Stranger Than Fiction
Taunted by a raven at the top of a mountain, a couple friends and I decide to give it a whirl.
All I can say is, what a way to go. . .
A video of me and some friends watching football and chewing Miraa in Mathare (Nairobi).
Miraa is a milder African substitute for coca leaf. Chew enough of it and. . . well, you get high.
Also, keep in mind, off camera at the end of the night I stumble-jogged out into the ghetto in search of Ethiopian dance clubs.
I’ve been out of touch for a spell. Here’s why:
In the last week I’ve been rained on twice through leaky windows on two 12 hour bus rides while people asked me if I was married and why not, and if I could take them with me back to Canada and why not.
I outran US embassy guards on the back of a motorbike, then stood amazed later that night in a Kampala club as over a thousand Ugandans sang along to the Killers’ Are We Human.
I befriended a Ugandan soldier on one of the leaky bus rides. He wont stop calling me now.
I finally made it to southern Uganda’s Impenetrable Forest (see picture above), which I penetrated the following morning in a bid to find the endangered mountain gorilla.
I found the endangered mountain gorilla–an entire family that allowed me to spend one hour with them as they lounged around in the bush eating bark and looking thoroughly uninterested in the group of genetic cousins gawking at them.
I rode on the back of yet another motorcycle, clutching my laptop bag, over rutted, crumbling and muddy high mountain roads for four hours, one spill, a flat tire, and an endless supply of lush, terraced hillside, in a bid to make it to Rwanda in one day.
I followed a man at the Rwandan border through a dark alley in hopes that he wasn’t lying to me when he told me he knew of a good place to eat. He wasn’t lying. I ate and made it through to Rwanda in one day.
I arrived in Kigali, the capital city, on the evening of April 6th, 16 years to the day that the genocide began. In my first three hours I saw one person who’s eyes had been gouged out, one with no arms and two with no legs. I talked with my 24 year old hotel receptionist, a 23 year old waitress, a 29 year old bar tender and a 26 year old security guard who, when asked, all told me they had lost their entire families in one of the most savage genocides in human history.
Now I sit on the patio of the Hotel des Mille Collines, otherwise known as Hotel Rwanda, plotting what to do next.
In the meantime I compile photos and videos of sketchy bike rides, chilled-out gorillas and a completely transformed Rwanda.
I was accosted on a Nairobi street a while back because of the colour of my skin. A talent scout, desperate to fill the role of a British Kenyan soldier in a feature film, ran up to me and begged me to be in the movie. Have you ever acted? He asked me. No, I told him. It doesn’t matter, he replied. Well, since you put it that way, how could I refuse. Sign me up, I told him.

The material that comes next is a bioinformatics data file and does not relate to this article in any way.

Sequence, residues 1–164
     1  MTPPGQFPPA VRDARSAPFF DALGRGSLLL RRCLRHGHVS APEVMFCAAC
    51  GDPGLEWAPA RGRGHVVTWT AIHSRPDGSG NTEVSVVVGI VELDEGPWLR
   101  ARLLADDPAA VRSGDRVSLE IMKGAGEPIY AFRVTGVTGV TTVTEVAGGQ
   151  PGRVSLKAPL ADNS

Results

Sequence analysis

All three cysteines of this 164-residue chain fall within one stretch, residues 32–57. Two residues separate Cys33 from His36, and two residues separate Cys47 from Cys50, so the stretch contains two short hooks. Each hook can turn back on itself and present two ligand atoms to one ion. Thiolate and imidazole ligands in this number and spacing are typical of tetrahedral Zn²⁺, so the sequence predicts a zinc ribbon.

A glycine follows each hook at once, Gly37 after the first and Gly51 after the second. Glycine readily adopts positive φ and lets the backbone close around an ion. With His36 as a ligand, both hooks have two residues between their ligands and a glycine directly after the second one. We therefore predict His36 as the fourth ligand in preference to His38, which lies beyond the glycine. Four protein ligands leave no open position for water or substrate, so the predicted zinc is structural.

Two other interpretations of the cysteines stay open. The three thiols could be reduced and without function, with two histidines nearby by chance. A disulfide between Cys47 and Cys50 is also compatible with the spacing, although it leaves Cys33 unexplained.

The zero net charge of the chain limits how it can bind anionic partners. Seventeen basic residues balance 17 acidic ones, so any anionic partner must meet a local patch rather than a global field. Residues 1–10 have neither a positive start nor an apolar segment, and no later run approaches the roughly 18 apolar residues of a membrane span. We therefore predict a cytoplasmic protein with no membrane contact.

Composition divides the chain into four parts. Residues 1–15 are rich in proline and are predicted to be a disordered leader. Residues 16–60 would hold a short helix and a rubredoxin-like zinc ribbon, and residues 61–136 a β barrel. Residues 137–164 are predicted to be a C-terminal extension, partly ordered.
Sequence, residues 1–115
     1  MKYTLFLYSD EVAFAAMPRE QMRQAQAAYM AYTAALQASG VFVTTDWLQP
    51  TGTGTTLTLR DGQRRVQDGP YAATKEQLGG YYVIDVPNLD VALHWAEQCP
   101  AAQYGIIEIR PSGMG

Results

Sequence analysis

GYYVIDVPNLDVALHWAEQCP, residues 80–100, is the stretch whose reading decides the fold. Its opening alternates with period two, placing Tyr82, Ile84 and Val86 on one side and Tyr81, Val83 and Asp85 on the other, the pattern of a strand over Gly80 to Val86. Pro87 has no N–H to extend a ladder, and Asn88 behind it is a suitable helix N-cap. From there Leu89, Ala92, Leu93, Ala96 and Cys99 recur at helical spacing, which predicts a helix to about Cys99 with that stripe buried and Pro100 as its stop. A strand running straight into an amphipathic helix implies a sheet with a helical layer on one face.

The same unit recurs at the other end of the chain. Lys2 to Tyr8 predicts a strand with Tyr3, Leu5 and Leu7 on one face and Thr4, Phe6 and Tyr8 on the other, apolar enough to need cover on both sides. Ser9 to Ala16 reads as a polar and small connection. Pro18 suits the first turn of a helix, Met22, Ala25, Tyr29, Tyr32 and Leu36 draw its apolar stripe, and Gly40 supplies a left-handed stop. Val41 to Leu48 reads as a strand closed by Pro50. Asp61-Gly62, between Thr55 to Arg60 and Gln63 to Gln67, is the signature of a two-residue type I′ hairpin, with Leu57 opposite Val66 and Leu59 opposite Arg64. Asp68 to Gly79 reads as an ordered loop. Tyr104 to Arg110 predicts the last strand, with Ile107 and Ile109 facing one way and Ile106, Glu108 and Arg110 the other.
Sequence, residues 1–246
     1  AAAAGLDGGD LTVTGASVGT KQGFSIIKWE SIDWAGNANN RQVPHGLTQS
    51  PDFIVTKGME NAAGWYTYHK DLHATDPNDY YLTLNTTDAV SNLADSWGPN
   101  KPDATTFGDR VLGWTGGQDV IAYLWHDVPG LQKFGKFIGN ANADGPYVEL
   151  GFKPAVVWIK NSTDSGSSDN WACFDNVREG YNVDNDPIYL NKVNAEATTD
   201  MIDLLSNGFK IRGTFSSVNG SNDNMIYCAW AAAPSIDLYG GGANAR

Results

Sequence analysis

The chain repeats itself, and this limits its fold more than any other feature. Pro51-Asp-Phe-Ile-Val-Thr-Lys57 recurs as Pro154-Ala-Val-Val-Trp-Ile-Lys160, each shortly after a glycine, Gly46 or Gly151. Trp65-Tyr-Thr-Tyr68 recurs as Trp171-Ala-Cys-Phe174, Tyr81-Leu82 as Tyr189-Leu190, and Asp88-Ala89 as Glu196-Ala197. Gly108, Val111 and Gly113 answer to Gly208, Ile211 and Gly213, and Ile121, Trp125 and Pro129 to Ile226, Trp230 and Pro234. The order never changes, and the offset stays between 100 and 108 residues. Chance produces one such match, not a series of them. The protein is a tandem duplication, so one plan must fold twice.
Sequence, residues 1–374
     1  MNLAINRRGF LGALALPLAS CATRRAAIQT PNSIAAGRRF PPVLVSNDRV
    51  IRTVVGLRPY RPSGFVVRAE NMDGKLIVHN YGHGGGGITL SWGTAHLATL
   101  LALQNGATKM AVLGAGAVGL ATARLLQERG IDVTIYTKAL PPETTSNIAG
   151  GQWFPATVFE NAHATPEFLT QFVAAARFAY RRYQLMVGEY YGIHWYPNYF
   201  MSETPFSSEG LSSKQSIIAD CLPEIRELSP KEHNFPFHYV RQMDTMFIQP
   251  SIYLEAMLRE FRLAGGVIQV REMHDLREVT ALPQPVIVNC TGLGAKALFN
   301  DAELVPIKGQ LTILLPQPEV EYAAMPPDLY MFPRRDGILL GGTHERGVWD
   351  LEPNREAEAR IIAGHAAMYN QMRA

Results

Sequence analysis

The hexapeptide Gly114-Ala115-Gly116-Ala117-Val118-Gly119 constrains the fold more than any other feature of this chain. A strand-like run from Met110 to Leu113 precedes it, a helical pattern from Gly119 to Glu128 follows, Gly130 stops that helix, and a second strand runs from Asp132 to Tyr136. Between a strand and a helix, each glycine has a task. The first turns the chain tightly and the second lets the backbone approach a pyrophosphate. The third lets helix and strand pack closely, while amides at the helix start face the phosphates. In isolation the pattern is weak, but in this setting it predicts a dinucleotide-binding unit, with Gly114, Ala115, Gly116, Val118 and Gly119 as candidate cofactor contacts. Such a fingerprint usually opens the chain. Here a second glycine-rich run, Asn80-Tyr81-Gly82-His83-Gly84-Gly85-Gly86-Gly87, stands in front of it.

Here’s a little vid I put together then of me in my pursuit of Mau Mau freedom fighters during their struggle for independence from British rule in the 1950s.
Hard, skanky, gangsta Ragga videos, mixed together by the Taliban Crew, play on a big screen in front of me, pumping, and I mean PUMPING out of subs hidden somewhere under the seats.
Little Mogadishu, its streets filled with burqa-clad women, tall Somali men, lake-sized puddles, and new building developments (funded by Somali pirates), bounces by me out the windows.
Squished beside me is a hefty woman in a pink suit. She watches impassively as Dance Hall legend, Elephant Man dry-humps bikini-clad booty in time to the four-on-the-floor rhythm on screen. Behind her, mothers hold babies on their laps, while men hang off the side of the open sliding door because it’s too packed inside.
Above me, in two foot by two foot panels across the matatu’s ceiling are super-sized political cartoons poking fun at Zimbabwe’s President Mugabe and his controversial policy of reclaiming (stealing) white-owned farms.
I leave the ghetto of Mathare– its crude, utilitarian apartment blocks laced with hanging laundry, its rolling dirt streets teaming with running, laughing children and parents returning home from a long day of poorly paying, menial work– behind me.
Ahead is a short walk through Jericho, just as the sun sets on Kenya, then into Buru Buru, Phase 5, through the security gates and into my home here, where I’ll fall asleep under my mosquito net for the 54th night in a row.
I spend some time in Kibera and Mathare, the informal settlements, a.k.a. slums, of Nairobi.
Don’t be scared. The setting may be shocking but the people are welcoming. True survivors.
Check it out: